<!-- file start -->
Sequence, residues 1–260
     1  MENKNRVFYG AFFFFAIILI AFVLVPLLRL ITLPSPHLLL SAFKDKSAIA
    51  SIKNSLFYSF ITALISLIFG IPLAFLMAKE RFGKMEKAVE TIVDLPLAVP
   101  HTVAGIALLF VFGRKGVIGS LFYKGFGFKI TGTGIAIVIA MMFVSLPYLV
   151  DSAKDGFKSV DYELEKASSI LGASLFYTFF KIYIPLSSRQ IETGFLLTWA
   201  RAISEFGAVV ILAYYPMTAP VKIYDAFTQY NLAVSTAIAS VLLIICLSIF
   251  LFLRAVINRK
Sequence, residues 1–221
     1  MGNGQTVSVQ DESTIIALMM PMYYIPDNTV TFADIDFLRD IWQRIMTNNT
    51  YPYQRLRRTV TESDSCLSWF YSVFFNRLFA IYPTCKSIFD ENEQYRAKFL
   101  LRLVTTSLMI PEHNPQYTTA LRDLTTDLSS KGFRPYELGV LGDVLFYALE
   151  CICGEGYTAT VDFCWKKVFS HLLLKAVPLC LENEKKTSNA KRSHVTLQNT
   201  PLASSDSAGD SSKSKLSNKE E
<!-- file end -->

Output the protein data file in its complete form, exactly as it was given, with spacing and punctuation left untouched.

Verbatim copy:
Sequence, residues 1–260
     1  MENKNRVFYG AFFFFAIILI AFVLVPLLRL ITLPSPHLLL SAFKDKSAIA
    51  SIKNSLFYSF ITALISLIFG IPLAFLMAKE RFGKMEKAVE TIVDLPLAVP
   101  HTVAGIALLF VFGRKGVIGS LFYKGFGFKI TGTGIAIVIA MMFVSLPYLV
   151  DSAKDGFKSV DYELEKASSI LGASLFYTFF KIYIPLSSRQ IETGFLLTWA
   201  RAISEFGAVV ILAYYPMTAP VKIYDAFTQY NLAVSTAIAS VLLIICLSIF
   251  LFLRAVINRK
Sequence, residues 1–221
     1  MGNGQTVSVQ DESTIIALMM PMYYIPDNTV TFADIDFLRD IWQRIMTNNT
    51  YPYQRLRRTV TESDSCLSWF YSVFFNRLFA IYPTCKSIFD ENEQYRAKFL
   101  LRLVTTSLMI PEHNPQYTTA LRDLTTDLSS KGFRPYELGV LGDVLFYALE
   151  CICGEGYTAT VDFCWKKVFS HLLLKAVPLC LENEKKTSNA KRSHVTLQNT
   201  PLASSDSAGD SSKSKLSNKE E